It’s a fact that in the track of our lives, we all experience the ups and down phases of stress, unhappiness, sadness, or grief. Usually, when a near and dear one dies or we suffer a personal tragedy or difficulty such as in matrimonial life or loss of a job, we may feel gloomy (some people call this “the blues”). Most of us are able to cope with these and other types of stressful events. People usually misunderstand the term depression.
They take stress, sadness or unhappiness as in meaning of depression. While facing a gloomy situation over a period of days or weeks, the majority of people among us are able to return to our normal activities naturally, this is called stress or tension. But if those sentiments of sadness and other symptoms lead towards a crucial attitude to perform routine chores, and when the symptoms continue for more than a couple of weeks in an order, we may have what is called “depression or clinical depression.” The term clinical depression is usually used to discriminate from less difficult feelings of sadness, gloom, or the blues, it’s a prolonged emotional state. It is said by Penlope sweet:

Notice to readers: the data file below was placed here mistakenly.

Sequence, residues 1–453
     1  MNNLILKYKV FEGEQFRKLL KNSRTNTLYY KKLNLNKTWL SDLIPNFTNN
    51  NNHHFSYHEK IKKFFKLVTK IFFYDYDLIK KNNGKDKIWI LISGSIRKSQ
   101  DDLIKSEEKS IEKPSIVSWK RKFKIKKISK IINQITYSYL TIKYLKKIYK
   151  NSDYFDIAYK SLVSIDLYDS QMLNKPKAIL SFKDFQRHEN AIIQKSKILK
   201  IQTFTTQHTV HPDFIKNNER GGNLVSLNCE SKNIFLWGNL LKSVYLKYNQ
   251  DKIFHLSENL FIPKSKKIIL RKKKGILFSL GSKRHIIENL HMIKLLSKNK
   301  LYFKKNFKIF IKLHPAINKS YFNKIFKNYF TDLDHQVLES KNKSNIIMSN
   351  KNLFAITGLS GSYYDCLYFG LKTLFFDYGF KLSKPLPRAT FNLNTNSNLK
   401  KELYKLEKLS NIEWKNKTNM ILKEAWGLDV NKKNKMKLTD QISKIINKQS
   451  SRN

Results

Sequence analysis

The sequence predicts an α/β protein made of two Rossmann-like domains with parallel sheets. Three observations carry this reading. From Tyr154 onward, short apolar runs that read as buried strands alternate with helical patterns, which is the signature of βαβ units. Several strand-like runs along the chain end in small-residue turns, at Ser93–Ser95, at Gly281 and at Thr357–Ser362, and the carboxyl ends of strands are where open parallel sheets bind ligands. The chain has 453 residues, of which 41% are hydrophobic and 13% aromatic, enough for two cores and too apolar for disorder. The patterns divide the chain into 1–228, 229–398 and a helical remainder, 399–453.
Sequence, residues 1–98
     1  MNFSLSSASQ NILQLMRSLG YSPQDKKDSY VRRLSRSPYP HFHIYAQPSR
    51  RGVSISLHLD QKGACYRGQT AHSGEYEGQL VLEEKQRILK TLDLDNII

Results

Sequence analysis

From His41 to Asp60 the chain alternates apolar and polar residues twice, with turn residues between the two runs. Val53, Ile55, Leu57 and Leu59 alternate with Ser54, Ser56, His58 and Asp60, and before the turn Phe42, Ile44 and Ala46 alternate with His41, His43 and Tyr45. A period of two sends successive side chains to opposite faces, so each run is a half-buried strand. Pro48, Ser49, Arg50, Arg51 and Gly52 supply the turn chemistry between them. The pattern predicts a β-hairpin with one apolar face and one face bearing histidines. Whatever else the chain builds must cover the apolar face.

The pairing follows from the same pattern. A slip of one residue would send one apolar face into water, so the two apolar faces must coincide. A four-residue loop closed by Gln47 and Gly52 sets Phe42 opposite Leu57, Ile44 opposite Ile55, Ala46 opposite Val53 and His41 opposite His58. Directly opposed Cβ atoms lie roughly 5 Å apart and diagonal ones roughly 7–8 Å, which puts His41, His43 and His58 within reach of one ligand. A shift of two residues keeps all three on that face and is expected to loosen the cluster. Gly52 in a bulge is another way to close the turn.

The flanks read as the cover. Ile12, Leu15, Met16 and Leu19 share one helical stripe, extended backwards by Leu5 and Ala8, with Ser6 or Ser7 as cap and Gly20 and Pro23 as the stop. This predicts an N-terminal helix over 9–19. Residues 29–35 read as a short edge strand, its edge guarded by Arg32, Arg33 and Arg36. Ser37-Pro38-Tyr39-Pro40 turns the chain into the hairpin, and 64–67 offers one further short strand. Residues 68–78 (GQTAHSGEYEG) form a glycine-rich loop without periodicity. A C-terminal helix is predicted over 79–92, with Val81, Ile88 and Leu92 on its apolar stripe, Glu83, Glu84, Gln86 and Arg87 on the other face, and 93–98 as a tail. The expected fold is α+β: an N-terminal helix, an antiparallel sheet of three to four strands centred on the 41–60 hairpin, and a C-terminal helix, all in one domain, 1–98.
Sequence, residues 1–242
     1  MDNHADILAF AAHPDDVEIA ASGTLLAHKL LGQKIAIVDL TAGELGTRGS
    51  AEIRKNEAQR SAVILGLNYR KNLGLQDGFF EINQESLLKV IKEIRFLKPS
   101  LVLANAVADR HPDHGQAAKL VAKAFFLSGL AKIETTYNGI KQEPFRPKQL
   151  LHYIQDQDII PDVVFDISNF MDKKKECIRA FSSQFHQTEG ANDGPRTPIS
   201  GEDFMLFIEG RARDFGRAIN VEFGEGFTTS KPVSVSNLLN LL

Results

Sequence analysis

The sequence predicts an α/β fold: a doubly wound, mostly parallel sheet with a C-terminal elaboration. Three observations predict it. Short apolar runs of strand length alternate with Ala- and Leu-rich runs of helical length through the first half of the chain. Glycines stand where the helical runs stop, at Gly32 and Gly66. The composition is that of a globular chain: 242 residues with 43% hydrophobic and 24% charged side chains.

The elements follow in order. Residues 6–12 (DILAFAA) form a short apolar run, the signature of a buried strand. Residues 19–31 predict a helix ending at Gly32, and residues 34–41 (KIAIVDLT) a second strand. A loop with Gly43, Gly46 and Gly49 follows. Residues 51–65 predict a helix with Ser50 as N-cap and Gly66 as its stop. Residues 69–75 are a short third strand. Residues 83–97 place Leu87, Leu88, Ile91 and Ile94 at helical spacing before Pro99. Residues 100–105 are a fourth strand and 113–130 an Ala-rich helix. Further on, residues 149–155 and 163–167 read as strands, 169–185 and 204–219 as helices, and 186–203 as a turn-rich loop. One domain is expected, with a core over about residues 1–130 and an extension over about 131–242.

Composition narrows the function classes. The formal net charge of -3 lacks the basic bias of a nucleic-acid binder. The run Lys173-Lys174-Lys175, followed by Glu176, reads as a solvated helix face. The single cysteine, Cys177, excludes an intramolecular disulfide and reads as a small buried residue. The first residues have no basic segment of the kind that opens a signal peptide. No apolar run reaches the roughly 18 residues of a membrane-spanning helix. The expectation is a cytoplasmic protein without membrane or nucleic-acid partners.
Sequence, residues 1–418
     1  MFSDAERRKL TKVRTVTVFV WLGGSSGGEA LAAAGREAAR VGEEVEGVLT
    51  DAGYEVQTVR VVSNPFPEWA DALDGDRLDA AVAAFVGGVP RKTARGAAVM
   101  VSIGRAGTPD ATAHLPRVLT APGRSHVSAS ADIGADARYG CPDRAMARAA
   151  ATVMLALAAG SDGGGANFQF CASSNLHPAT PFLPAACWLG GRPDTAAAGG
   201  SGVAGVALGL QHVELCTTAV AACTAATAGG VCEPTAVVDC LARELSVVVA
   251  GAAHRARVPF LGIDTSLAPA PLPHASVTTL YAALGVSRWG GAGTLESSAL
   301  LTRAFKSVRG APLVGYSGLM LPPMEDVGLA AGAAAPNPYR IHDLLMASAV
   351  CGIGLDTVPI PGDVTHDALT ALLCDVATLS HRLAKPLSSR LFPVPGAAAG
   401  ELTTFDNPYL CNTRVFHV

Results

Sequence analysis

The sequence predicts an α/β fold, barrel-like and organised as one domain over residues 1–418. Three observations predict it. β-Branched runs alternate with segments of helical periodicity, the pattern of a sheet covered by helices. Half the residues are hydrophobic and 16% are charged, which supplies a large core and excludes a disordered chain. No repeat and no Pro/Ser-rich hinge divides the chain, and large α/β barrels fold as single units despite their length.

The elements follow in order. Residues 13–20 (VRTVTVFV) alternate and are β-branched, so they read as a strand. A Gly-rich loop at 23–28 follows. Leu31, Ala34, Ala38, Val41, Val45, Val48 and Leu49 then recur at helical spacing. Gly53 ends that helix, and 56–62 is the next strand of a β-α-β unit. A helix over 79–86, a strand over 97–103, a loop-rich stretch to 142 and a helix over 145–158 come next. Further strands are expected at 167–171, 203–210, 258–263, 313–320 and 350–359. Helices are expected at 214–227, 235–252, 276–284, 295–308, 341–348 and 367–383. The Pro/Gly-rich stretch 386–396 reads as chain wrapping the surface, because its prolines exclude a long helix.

Depression is nourished by a lifetime of ungrieved and unforgiving hurts.
Clinical depression is merely grief or feeling sad; it is an illness that can collapse your ability to perform even routine activities. Depression may drive its suspect to contemplate suicide. Major depression dysthymia, bipolar disorder, seasonal depression and psychotic depression are the major types of depression.
Symptoms or depression are deep sadness or emptiness, loss of interest or pleasure in usual activities, agitation or restlessness, physical hyperactivity or inactivity; insomnia, weight and appetite disturbances, decreased ability to think or concentrate, headache, feelings of excessive guilt, worthlessness, feelings of fatigue or lack of energy, and morbid thoughts of death or suicide.
We can help out the depressed suspect by diverting their thoughts, showing them new bright aspects of life, boosting up their courage, by engaging them activities and especially by stabilizing their moods.
It’s a famous Japanese quote; “fall seven times, stand up eight.”
This should be our motto to make people capable of coping up with hopeless situations.